“Mr. Smith was on a 3-hour flight travelling with his baby who needed a diaper change. He forgot to bring diapers. What to use? Maybe paper towels. He couldn’t find anything to hold them together.
“Then he remembered he had a box of our BrandName© Paper Clips in his laptop bag. Non-toxic and environmentally-friendly, these were the perfect replacements for safety pins. Mr. Smith changed his baby, who slept comfortably for the rest of the flight.”
“If our clips are safe for babies, they can handle your most important documents!”
You must admit, you don’t often hear of a paper clip being used as a safety pin replacement. I just showed you a creative way to describe a product and make your content enjoyable. With a simple play of words, you can transform a mundane product into something extraordinary. This is part of a copywriter’s job.
Do you write content for ads, landing pages, headlines, slogans, brochures, scripts, e-mails or videos? Whatever it is, your main task as a copywriter is to promote a product, service and idea. You want to persuade people to buy, join or sign up. The trick is finding the right words and style to make this happen.
Copywriting is not a recent creation … it goes all the way back to when writing was invented. If you want to see an ad from long ago, check this print (selling prayer books) in English from 1477.
If you want to be an excellent copywriter, POOF, choose to be one! Wait – It’s not that simple … but it’s a start. I don’t grant wishes. However, I have been writing ads and successful landing page copy (often over 10,000 words) for almost 20 years. Below, I give tips on great copywriting techniques and how to strengthen your skills.
Aspire and Act to Write Better Each Day
Nobody was born with excellent writing skills. You develop these over time. It begins with a mind open to ideas, the willingness to learn, and copying from the best.
Keep in mind, aspiration should be followed by action. Think of ways to improve your craft. You have to practice, edit and seek feedback.
Start with small steps. Adopt a daily routine of simple tasks that can help you become an excellent copywriter. Try the following to enhance your creativity:
- Look at 10 ads from different fields/industries. Re-write each of them.
- Keep reading books! When reading magazines, study the ads.
- Take a break away from all distractions. Write anything. You might find inspiration.
- Solve any puzzle (crossword, Sudoku, etc.). The mental exercise will do wonders to your brain.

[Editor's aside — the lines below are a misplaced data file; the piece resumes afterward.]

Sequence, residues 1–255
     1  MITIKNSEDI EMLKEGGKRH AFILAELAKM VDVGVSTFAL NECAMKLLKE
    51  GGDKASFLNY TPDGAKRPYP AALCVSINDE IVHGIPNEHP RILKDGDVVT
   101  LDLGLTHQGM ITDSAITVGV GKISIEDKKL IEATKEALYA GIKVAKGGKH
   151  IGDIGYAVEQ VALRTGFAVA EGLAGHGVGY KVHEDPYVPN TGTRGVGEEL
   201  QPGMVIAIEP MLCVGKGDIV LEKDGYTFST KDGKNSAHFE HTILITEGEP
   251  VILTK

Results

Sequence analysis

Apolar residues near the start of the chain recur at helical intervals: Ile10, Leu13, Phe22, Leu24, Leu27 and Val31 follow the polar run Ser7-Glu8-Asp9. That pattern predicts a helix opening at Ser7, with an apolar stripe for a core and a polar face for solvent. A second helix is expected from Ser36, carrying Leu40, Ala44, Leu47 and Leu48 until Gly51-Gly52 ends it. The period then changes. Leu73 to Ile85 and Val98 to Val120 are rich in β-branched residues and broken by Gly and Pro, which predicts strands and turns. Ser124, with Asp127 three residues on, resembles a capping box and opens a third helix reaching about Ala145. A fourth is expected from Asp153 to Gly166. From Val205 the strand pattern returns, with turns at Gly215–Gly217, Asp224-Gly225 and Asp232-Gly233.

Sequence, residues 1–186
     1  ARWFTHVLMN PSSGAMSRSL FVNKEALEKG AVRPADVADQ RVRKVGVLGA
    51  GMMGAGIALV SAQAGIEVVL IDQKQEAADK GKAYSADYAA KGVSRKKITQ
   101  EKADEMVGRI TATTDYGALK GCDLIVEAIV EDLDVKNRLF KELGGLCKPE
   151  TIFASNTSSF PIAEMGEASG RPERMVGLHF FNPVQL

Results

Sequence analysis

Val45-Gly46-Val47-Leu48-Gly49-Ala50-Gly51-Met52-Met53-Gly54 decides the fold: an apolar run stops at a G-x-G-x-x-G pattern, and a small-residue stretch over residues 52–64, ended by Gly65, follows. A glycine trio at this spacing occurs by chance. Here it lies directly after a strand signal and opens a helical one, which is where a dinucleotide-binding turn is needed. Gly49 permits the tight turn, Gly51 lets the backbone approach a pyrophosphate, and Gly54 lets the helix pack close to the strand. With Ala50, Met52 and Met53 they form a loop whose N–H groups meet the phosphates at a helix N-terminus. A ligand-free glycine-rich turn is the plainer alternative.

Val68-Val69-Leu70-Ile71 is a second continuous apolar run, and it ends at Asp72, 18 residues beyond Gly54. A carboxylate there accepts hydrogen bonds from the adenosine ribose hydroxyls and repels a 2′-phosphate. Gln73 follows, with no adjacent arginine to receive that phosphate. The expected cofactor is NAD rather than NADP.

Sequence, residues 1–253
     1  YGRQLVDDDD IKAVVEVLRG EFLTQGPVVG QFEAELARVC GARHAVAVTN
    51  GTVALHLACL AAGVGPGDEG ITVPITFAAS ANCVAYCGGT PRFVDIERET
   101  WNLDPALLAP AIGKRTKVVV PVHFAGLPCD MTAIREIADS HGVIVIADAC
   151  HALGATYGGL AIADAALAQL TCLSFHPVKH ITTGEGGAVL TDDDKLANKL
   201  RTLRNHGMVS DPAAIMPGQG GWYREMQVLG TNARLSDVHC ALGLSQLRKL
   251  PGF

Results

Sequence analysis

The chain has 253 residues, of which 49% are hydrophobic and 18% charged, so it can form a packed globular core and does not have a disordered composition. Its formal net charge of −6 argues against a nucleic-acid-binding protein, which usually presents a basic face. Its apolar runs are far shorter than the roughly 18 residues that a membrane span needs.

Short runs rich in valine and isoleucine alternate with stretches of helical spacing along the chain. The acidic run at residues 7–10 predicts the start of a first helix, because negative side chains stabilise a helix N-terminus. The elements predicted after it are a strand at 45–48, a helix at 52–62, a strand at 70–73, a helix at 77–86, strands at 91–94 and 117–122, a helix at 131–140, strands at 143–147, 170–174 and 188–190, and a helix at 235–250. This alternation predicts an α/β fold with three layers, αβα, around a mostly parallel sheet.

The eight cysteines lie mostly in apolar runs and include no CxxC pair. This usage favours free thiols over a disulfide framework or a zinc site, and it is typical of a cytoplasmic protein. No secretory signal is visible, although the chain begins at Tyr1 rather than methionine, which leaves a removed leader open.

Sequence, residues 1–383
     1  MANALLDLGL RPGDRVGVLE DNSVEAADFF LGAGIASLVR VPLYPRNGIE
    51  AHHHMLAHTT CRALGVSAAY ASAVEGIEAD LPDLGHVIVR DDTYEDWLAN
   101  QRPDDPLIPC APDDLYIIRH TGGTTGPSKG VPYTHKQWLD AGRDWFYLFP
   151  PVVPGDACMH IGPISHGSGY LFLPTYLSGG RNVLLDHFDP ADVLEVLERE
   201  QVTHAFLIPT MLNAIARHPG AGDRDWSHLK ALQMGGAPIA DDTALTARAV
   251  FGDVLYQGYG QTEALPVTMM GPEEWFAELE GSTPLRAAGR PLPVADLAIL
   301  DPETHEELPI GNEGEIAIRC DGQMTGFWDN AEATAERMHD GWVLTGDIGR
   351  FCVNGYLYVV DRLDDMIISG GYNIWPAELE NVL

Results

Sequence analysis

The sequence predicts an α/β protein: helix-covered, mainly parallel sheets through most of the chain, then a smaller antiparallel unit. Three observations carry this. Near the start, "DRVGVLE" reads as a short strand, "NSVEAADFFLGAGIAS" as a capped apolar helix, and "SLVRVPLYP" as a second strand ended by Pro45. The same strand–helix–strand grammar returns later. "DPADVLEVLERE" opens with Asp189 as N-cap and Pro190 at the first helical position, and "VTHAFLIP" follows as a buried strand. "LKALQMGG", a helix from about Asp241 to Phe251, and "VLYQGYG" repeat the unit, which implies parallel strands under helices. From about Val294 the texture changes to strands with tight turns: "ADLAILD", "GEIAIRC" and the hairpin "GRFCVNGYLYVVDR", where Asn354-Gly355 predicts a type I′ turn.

- Take a walk and form interesting sentences in your head. A lot of my best copyrighting headlines come while exercising. That’s how I came up with “turn meh into magnificent!”
- Talk to people. Ask about their needs and wants. There’s always something to learn.
Believe in Your Product
How can you be excited about something you don’t believe in? No product or service is perfect. Focus on the benefits and not on the flaws. How will the product benefit the reader? (It helps to first do market research to see who your reader actually is.) Ideas will come to you if you view a product or service from a positive angle and how it helps the buyer.
Boring, “meh” content is often the result of the copywriter’s ambivalence toward a product. I know this because it’s happened to me. A product may not be useful to you, but it will be to someone else.
Help that person find your product. You are the guide in the wilderness of over-saturated advertising. This alone motivates me in creating ads, content and landing pages.
Empathize and Understand Your Audience
Put yourself in the shoes of your target audience market. It’s no longer enough to determine their age group, income, gender, income bracket and location of your target market. Add to this mix the following:
Baby boomers have different priorities from millennials. Also, the current generation relies more on technology than seniors. I can go on but I know you get my point. Whoever your target is, view the world from their eyes.
Understand the psyche of your customers. If you think there are millions of impulse buyers out there eager to just buy anything … you’re wrong. Impulse buyers only purchase because the ad copy convinced them that this product will fulfill their needs of the moment. Impulse buys are 100% an emotional response.
I highly recommend reading our article on customer psychology. It provides insights on buying behavior to help and inspire you in your copywriting.
Learn From the Experts
I’m not just talking about copywriters. I’m referring to salespeople and writers too. Consider these pieces of advice from Zig Ziglar. He is a great salesman who only sold face-to-face.